Watch these Films

            Some people learn well by hearing and others find that seeing works better. Perhaps the best way of learning uses both–video–and there’s a great new film on population.

            I am aware of several videos that have been made to inform people about overpopulation. “Mother Caring for 7 Billion” was the first to have been conceived right here in Durango, and it is excellent. Durango’s second population film, “Ancient People in Overshoot and Collapse in the Four Corners”, is still gestating. More about “Overshoot” later.

Also made in Colorado, “Growthbusters” looks at the bad side of growth with a bit of humor. “Critical Mass” features the rodent experiments by John Calhoun, which demonstrated that rat and mouse societies deteriorated when they were overpopulated. I was intrigued when I read Calhoun’s Scientific American article in 1962.

“Don’t Panic” by the sword-swallowing Hans Rosling takes a different viewpoint, that there’s no problem with population. He is wonderful showman and has some good points in this video. However, he only looks at the effects of increasing population on humans. He disregards our effect on other species–and on Earth, itself. You’ll need to go to another of his videos to see him actually swallowing a sword.

One of my favorite nonprofit organizations, the Population Media Center, demonstrates how effective the media can be. They use soap opera-like programs to deliver messages to people in developing countries with surprisingly good results. The folks get hooked on a serial drama and tune in regularly, absorbing subtle messages about empowerment of women, prevention of disease and choosing to have small families.

The latest film is “8 Billion Angels”. Whereas many documentaries feature experts speaking about the subject at hand, Angels starts with stories told by farmers in the fields, by an oyster cultivator and by an environmental activist in India. These everyday people tell stories showing we are experiencing the effects of climate chaos and overpopulation already.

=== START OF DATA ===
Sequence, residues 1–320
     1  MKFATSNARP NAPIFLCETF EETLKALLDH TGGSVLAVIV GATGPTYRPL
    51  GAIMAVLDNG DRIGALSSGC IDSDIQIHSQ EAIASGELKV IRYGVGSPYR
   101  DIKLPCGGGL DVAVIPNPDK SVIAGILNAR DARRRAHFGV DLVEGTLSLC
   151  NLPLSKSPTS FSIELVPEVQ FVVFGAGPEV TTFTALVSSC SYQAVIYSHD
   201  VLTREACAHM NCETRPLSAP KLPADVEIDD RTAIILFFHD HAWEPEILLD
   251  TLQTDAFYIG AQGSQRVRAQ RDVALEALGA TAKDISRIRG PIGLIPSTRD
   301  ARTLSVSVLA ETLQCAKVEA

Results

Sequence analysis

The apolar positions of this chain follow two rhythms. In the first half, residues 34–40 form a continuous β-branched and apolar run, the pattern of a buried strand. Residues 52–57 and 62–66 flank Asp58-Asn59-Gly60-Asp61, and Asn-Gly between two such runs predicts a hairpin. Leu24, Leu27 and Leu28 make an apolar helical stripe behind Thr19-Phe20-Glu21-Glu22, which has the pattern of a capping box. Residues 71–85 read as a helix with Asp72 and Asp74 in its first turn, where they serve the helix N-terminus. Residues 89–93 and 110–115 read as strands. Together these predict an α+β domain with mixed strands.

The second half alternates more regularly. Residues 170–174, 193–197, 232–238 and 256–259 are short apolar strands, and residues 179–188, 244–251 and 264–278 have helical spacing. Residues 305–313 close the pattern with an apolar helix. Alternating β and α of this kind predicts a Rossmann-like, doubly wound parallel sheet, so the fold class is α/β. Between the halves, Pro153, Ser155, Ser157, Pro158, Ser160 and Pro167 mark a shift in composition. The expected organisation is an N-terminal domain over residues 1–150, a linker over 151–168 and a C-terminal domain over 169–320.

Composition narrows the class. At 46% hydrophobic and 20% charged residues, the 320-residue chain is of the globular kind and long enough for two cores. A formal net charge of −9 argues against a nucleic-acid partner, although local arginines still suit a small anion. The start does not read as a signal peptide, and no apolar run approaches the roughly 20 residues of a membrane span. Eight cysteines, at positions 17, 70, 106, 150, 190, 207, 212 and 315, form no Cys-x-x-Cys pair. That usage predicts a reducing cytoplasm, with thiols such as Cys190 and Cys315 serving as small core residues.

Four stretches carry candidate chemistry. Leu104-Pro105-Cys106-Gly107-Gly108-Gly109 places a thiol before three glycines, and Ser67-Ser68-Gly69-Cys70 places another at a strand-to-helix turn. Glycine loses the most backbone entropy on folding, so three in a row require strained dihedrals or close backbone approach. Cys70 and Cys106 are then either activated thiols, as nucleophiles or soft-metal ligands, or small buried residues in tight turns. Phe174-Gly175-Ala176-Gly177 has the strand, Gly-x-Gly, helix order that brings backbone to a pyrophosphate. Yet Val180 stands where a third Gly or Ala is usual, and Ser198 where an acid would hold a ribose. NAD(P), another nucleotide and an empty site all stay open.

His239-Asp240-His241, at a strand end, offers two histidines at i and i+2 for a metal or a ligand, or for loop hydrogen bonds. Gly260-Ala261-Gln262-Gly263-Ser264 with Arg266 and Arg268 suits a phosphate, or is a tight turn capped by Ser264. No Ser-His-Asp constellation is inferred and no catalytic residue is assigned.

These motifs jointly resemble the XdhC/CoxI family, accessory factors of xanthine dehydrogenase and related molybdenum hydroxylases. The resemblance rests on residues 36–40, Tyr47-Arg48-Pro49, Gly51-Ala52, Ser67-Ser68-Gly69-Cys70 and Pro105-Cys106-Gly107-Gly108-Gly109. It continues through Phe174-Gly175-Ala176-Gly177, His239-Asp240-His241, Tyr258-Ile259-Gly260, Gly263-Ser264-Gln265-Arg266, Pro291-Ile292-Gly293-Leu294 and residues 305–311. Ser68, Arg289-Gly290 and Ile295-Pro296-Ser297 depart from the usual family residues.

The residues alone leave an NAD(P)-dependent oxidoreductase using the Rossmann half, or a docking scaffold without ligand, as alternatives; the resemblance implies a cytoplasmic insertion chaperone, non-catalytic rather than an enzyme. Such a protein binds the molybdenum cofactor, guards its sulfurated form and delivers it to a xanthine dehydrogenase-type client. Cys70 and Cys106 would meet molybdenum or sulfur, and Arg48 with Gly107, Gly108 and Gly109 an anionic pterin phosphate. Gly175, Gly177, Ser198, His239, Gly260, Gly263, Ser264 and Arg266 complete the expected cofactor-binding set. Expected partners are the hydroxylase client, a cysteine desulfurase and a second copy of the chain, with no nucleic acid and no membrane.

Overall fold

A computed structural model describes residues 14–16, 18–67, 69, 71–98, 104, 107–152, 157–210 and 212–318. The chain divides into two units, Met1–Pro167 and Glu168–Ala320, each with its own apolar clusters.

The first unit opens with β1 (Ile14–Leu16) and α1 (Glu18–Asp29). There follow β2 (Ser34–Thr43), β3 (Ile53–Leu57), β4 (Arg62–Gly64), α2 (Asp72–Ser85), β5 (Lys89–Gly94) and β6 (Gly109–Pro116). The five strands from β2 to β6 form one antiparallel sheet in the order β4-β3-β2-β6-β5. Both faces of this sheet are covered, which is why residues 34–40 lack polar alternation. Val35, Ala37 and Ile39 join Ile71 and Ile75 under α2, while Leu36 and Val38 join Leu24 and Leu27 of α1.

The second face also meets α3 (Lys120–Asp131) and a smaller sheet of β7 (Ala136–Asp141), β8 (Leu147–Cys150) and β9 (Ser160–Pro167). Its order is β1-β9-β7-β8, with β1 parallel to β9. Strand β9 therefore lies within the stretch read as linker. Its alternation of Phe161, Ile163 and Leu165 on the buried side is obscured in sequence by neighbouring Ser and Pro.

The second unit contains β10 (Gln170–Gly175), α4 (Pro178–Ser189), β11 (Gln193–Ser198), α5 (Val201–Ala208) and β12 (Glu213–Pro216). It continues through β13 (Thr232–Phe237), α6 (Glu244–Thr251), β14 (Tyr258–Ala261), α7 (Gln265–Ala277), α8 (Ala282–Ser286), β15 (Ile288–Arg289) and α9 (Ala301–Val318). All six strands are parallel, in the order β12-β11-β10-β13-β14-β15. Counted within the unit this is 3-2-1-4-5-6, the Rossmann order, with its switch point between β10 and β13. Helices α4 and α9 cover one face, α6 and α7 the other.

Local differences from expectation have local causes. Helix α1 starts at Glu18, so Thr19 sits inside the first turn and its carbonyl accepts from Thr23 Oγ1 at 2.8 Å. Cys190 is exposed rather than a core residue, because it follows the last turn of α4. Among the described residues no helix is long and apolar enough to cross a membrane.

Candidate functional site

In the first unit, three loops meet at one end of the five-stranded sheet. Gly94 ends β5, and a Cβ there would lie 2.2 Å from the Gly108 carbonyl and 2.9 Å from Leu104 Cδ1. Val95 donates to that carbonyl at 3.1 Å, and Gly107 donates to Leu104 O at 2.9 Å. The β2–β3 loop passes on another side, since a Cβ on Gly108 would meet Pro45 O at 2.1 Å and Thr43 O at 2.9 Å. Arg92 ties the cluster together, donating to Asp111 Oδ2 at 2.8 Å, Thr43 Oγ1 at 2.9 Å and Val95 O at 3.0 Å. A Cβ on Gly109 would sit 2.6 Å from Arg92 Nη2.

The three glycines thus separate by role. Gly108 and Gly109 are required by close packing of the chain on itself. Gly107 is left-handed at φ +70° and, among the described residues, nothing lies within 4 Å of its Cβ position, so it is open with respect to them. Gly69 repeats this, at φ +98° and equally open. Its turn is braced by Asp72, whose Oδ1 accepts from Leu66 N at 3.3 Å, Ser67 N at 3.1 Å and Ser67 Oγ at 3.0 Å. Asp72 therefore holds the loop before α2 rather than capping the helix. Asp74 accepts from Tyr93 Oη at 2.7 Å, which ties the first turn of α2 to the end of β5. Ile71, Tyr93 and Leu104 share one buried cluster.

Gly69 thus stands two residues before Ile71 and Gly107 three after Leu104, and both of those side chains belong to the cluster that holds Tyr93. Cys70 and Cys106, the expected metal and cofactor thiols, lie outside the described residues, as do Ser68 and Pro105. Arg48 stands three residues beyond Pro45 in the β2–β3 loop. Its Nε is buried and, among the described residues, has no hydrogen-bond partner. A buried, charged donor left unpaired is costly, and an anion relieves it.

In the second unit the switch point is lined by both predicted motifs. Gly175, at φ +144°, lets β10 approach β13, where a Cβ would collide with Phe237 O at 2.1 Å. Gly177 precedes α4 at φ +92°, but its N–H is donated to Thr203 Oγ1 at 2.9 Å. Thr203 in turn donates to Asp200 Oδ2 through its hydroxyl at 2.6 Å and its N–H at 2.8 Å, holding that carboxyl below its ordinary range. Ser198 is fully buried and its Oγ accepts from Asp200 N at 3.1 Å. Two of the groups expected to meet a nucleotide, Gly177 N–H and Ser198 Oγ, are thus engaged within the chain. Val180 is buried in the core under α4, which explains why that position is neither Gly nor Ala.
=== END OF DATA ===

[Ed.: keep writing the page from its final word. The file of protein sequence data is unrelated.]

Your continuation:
“Angels” seeks balance. It doesn’t lay the blame for our environmental crises only on increasing population. It also incriminates our consumption. “Angels” also points out that people are unlikely to decrease their affluence in our world of omnipresent media pushing consumption.

In addition to everyday people, several experts present their answers to environmental problems in the “Solutions” section of this film. Zoe Weil, an educator, espouses human rights and environmental preservation. Travis Rieder, a philosophy professor who spoke in Durango a couple of years ago, praises the ethics of small family size. Bill Ryerson, founder of the Population Media Center, mentions the success of a radio program in rural Ethiopia in lowering birth rates. They stress the importance of changing the norm from assuming that all women will bear children to giving birth being one of several options.

            They suggest several solutions in addition to changing the norm, including: healthcare for all, with access to effective contraception; education of girls and women; and espousing policies to slow population growth and support family planning.

            Terry Spahr, a retired businessperson, is the energy behind “Angels”. He wrote this about why “Angels” is so important: “We have an instinctive aversion to discussing unsustainable population growth because it can be fraught with emotions across the cultural, political, religious and economic spectrums. But it is a conversation we must have to ensure the future of humanity.”

For more information about “Angels” and to watch the trailer go to: There are links on the website to stream it, either through a local theater (if you live in the USA) or one which will work in most countries. There is also a stimulating panel discussion of the film here:

After writing Population Matters! essays for 2 decades I realized that the written word doesn’t reach everyone. Negative connotations with the word “population” is one concern, and not everyone likes to read. Art is another means to reach people, so I entered several pieces of “contraceptual art” (as opposed to “conceptual art”) in competitions. Recently I ran into Durango filmmaker, Larry Ruiz, who makes prizewinning archeological videos. Why not join forces to make a film on the reason Ancestral Puebloans left the Four Corners? One theory is their population increased to the point that drought caused them to overshoot the carrying capacity of the land. Thus, the movie “Overshoot” coming soon! Here’s a short introduction to one of the film’s messages: .

© Richard Grossman MD

By Richard

I am a retired obstetrician-gynecologist who has been fortunate to live and work in the wonderful community of Durango, Colorado for 40 years.